As experts predict Chinese woes could affect the South Africa residential market, investors are looking to diversify overseas.
- Chinese slowdown could have major implications for a fragile South African property market
- Experts are not predicting the decline to be as significant as in 2008, but the South African property market does operate with a high level of indebtedness
- Many investors are taking preventative measures and looking to diversify their portfolio in other territories, with the UK the logical choice
It will not only be investors in Hong Kong with a close eye on the Chinese economy.
Analysts across Southeast Asia are waiting nervously for signs of improvement in China, but the marked slowdown in the world’s newest superpower will have far-reaching consequences, with “significant potential implications” for South Africa’s residential property market.
John Loos, Household and Property Sector Strategist at FNB, recently explained China’s woes could have an indirect impact on South Africa’s fragile residential property market.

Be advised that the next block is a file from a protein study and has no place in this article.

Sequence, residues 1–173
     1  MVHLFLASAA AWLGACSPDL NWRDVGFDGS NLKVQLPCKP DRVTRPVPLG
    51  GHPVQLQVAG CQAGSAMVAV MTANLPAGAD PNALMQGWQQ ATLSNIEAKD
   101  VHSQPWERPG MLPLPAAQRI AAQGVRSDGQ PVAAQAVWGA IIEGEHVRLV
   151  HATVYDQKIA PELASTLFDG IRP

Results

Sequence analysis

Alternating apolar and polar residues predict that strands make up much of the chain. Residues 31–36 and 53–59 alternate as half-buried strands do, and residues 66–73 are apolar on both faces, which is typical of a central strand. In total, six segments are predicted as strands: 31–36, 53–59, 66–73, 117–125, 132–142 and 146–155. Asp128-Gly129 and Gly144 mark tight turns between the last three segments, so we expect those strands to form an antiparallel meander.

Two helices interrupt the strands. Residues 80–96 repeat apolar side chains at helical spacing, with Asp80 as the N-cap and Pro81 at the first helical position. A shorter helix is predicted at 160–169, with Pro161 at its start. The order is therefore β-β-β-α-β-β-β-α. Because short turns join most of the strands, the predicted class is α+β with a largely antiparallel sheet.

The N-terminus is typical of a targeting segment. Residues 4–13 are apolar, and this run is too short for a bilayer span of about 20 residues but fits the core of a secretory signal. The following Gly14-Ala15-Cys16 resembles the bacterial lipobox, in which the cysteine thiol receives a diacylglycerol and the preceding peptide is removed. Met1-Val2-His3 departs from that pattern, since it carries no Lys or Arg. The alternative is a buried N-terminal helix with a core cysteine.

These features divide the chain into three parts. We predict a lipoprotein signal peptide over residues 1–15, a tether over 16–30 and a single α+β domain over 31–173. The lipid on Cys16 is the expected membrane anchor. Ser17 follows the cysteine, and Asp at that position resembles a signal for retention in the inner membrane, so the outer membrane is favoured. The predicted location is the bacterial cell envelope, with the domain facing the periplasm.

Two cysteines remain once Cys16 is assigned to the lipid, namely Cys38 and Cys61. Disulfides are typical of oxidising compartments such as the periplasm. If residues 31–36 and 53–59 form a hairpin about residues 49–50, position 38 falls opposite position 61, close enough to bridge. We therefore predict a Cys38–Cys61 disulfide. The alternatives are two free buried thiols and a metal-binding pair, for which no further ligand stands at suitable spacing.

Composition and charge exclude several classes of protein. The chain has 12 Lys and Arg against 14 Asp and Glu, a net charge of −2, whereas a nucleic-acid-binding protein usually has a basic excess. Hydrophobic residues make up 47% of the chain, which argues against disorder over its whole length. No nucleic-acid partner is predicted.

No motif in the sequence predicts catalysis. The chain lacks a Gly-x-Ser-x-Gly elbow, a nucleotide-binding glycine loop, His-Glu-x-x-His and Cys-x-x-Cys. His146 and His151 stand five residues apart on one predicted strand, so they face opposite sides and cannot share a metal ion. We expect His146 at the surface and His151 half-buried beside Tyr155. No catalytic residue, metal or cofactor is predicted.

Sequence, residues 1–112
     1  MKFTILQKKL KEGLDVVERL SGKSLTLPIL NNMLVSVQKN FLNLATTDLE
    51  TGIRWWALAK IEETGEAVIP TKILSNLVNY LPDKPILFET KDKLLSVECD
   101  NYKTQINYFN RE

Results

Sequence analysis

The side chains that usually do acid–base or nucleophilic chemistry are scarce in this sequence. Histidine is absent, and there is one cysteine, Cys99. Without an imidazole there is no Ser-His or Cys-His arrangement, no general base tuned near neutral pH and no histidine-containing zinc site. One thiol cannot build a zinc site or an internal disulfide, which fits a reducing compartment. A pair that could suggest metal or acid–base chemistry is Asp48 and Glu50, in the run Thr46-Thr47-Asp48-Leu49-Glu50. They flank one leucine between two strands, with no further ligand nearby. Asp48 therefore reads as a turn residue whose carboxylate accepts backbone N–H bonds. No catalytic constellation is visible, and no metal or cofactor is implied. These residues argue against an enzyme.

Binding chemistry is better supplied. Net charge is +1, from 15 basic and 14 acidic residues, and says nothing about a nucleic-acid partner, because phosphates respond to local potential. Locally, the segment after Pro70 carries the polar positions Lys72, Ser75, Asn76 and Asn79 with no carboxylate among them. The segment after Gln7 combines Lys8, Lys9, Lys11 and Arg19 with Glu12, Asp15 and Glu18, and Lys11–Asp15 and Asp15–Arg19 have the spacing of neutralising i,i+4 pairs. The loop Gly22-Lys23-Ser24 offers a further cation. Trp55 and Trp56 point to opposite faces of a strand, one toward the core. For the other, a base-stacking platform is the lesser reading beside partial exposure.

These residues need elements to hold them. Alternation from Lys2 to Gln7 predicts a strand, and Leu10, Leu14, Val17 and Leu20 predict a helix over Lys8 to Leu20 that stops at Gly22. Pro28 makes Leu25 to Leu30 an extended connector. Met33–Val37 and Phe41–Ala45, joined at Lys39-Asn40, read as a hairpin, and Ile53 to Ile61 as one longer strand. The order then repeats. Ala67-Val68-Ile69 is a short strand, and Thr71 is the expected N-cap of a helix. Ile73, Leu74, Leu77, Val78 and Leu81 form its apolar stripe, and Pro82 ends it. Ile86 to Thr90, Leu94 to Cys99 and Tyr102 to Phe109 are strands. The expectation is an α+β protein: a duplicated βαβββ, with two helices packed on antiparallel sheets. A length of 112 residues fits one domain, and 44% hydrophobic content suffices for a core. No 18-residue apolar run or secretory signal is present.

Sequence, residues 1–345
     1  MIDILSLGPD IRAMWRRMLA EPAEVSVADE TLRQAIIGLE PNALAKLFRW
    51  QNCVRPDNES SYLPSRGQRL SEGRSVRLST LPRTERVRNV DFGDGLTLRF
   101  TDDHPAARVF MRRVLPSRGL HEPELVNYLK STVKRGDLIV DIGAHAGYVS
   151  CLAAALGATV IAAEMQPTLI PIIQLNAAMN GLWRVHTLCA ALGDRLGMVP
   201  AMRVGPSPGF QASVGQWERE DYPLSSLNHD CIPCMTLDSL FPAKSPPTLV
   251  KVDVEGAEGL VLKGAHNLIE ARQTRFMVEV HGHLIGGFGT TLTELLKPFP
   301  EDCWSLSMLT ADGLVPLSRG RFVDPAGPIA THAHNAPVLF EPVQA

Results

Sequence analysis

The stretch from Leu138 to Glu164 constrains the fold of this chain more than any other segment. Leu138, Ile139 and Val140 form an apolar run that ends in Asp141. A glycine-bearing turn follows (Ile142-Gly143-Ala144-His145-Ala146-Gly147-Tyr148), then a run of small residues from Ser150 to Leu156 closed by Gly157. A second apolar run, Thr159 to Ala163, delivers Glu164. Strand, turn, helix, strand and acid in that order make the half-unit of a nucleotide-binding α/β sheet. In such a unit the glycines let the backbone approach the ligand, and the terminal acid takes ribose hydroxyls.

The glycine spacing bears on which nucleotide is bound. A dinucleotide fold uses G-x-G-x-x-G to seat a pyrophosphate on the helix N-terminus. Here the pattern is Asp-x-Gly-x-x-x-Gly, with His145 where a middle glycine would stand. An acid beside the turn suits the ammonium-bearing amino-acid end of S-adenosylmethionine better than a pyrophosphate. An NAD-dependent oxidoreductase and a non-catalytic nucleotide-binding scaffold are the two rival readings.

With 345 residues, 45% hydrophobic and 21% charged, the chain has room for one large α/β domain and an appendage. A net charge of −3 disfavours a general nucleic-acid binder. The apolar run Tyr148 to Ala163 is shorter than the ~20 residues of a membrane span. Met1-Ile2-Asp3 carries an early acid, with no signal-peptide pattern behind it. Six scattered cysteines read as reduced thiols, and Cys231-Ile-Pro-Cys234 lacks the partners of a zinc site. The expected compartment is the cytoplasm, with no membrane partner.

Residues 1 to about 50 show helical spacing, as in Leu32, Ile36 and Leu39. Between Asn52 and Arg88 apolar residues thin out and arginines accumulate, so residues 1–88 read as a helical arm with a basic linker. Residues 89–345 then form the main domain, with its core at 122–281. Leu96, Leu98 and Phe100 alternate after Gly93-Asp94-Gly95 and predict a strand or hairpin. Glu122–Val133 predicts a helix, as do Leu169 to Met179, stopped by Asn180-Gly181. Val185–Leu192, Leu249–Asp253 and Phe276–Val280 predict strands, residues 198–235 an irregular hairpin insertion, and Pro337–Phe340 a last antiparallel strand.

He said although South Africa’s household sector had lowered its debt to disposable income ratio from 2008’s high of 88.8%, at 78.4% there is still currently a high level of indebtedness. This situation is not helped by the fact that the country already had an economy of weak gross domestic product and China has also become South Africa’s major trading partner.
Despite the potential difficulties, experts predict the possibility of a hard landing in China will not lead to a 2008-type slide.
Back then, South African investors had to cope with a big consumer price index inflation surge due to the combination of a global oil price shock, global food price hikes and a very weak rand.
Even before China’s economic volatility came to light, many South African investors had taken steps to diversify their portfolio, looking at strong safehaven assets such as UK property investments to guard against major movements in their own domestic market.